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Jews Are Taught From An Early Age That Slavery Is Evil, But Southern Jews Owned Slaves Anyway

Another GOP intellectually impaired member of Congress, Warren Davidson, who represents a blood red suburban/rural, district in western Ohio-- (R+19) where Biden got less than a third of the vote-- was comparing vaccine mandates to the Holocaust. Overall, Ohio is 56% fully vaccinated, but not among the morons who vote for Davidson. These are the vaccination rates in the 6 counties that make up the 8th district-- along with their Trump numbers

  • Butler- 54% fully vaccinated (61.3% Trump)

  • Clark- 50% fully vaccinated (60.6% Trump)

  • Miami- 46% fully vaccinated (71.2% Trump)

  • Darke- 38% fully vaccinated (81.0% Trump)

  • Preble- 41% fully vaccinated (77.9% Trump)

  • Mercer- 37% fully vaccinated (81.8% Trump)

Imagine what it would be like living among these people. No, don't. I know it's time to go to sleep and I don't want you to have a nightmare because of me. How about something more removed from our daily lives... while staying with the Jewish theme? You probably heard about the Washington Post releasing a list of all the members of Congress who ever owned slaves. Today, The Forward's Rudy Malcom took a looked at all 9 Jewish members of Congress before abolition was passed.

Only 2 owned slaves, both treasonous senators, David Levy Yulee (FL), who eventually converted to Episcopalianism, and Judah Benjamin (LA), who was the Confederate Secretary of State. Yulee severed 9 months in prison before being pardoned by Andrew Johnson and Benjamin


Yulee and Benjamin’s history isn’t a surprise, said Michael Hoberman, an English studies professor at Fitchburg State University who is currently writing a book about how early American Jewish history is remembered today. But, he said, it’s a reminder that “many Southern Jews owned slaves, just like any other wealthy Southern family did.”
The majority of Southern Jews owned enslaved people, mostly in their homes. A few, like Benjamin, who served as a senator from Louisiana between 1853 and 1861, ran plantations that exploited the labor of enslaved people. Benjamin, who operated a 300-acre sugarcane plantation, owned at one point as many as 140 enslaved people.
Yulee, who was the first Jewish senator, represented Florida from 1845 to 1851 and 1855 to 1861, and over the course of his life enslaved more than 1000 people. He was known as the “Florida Fire-Eater”-- the latter term referring to pro-slavery Democrats who supported secession before the Civil War.
Yet it is only recently, historically, that the public has begun to contend with the fact that the two Jewish lawmakers were enslavers.
For instance, it was only in June of 2020 that a plaque in Charlotte, N.C. dedicated to Benjamin and paid for by two synagogues was removed. Hoberman mentioned that Benjamin, who held multiple significant posts in the Confederate government, was for a long time romanticized both by Southern Jews and in popular literature. One example: famed writer Viña Delmar’s 1956 novel Beloved, which celebrated Benjamin’s tireless devotion, including to Louisiana’s political interests, the Confederacy’s success and, most of all, his marriage to his wife-- while failing to account for his dedicated advocacy for slavery and his ownership of enslaved people.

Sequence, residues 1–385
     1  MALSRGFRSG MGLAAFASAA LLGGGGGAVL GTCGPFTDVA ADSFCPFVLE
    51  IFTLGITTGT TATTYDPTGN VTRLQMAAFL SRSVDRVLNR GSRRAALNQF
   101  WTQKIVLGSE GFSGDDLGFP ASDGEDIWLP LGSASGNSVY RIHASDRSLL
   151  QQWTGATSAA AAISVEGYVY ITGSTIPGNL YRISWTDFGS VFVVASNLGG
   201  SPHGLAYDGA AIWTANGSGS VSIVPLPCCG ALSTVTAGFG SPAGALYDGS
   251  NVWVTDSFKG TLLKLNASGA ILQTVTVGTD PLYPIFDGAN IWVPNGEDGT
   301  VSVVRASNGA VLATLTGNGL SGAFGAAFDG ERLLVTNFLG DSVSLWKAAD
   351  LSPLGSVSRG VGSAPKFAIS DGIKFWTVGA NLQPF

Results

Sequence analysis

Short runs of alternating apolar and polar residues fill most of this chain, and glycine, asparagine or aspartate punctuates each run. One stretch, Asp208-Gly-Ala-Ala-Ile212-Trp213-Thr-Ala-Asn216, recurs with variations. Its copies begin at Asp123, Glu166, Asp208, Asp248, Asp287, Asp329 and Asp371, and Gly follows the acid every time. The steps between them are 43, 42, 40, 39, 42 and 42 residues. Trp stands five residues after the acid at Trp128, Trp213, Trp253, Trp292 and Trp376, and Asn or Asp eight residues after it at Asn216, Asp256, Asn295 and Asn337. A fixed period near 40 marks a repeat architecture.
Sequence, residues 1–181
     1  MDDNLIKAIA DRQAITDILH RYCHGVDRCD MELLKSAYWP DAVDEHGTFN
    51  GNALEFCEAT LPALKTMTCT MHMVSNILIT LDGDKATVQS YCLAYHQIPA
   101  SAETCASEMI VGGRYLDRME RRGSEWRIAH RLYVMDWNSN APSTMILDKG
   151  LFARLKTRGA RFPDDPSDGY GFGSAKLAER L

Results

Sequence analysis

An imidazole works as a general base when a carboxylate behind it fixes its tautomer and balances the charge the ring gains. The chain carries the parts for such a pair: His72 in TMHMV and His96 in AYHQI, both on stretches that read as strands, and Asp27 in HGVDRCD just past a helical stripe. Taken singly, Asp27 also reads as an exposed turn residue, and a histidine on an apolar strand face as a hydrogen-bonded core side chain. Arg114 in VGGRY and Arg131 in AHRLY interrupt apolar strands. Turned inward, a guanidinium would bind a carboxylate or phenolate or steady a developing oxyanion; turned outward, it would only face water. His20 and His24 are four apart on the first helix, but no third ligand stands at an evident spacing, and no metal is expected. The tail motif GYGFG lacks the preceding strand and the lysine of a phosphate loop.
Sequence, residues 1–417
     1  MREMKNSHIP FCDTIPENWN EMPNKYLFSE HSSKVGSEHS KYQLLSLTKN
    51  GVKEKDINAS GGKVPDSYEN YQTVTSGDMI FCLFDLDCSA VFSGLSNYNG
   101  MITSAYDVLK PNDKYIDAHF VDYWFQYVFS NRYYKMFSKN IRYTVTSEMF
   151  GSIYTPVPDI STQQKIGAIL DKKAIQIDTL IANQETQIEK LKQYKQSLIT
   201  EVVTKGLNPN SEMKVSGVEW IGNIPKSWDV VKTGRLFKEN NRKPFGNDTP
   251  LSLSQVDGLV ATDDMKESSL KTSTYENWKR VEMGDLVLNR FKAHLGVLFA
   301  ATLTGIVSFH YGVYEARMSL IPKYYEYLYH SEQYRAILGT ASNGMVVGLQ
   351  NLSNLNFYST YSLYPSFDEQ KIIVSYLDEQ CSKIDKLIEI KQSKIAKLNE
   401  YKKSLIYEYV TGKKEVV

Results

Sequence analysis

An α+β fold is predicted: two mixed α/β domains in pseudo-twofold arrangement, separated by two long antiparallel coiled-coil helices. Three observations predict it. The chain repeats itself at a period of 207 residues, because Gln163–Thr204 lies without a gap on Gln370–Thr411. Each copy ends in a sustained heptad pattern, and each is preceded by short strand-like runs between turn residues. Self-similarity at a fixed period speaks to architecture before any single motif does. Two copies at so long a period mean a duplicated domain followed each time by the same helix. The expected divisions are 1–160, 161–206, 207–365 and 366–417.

And while the plaque honoring Benjamin was removed during the nationwide movement to remove statues of Confederate figures that surged during the racial justice protests of 2020, a statue of Yulee, who also became a leader in the Confederacy, remains standing in the small northern Florida town of Fernandina Beach.
Hoberman said removing such monuments is a valuable step, but far from the only one needed to reckon with the effects of the actions and beliefs of Yulee, Benjamin and their contemporaries.
That reckoning, he said, requires examining the racial wealth gap, the mass incarceration of Black people and the many other disparities and injustices that are the legacies of slavery.
And while Benjamin once declared that “slavery is against the law of nature,” Hoberman noted that there was no evidence that he-- or Yulee-- treated the people they enslaved more humanely than other enslavers did.
“These were people that enthusiastically participated in slavery,” he said.
But, he said, we also shouldn’t single them out for criticism among the ranks of enslavers, noting that Benjamin Wade, a Republican senator from Ohio and Benjamin’s contemporary, publicly referred to Benjamin as an “Israelite with Egyptian principles.”
“The guy had a point-- here’s a Jew who inherited the legacy of Exodus, and yet he is an enslaver and advocate for slavery,” Hoberman said. “But why should Benjamin be held to a higher standard than anyone else?”
That kind of pointed criticism, Hoberman said, “means that when Jews do something unpopular or problematic, they did it because they were Jewish. It invites the rest of the world to condemn us every time we fall short or cross some line. It’s deeply problematic and dangerous.”
And, according to Hoberman, holding Jews like Benjamin and Yulee to a higher standard than everyone else also does a “disservice” to the Jewish people.
“We can’t morally improve them-- they’re dead, and it’s a mistake to try to redeem them,” he said. “But what we can do is try and understand how these figures from the past shaped the world in which we live today.”

Although socially backward Hasids voted overwhelmingly for Trump-- ultra orthodox neighborhoods going as much as 90% pro-fascist-- normal Jews were anti-Trump voters-- just the way most Jews in Germany were anti-Hitler. Right after the election a J Street poll found that 77% of Jews voted for Biden and 21% voted voted for Trump.

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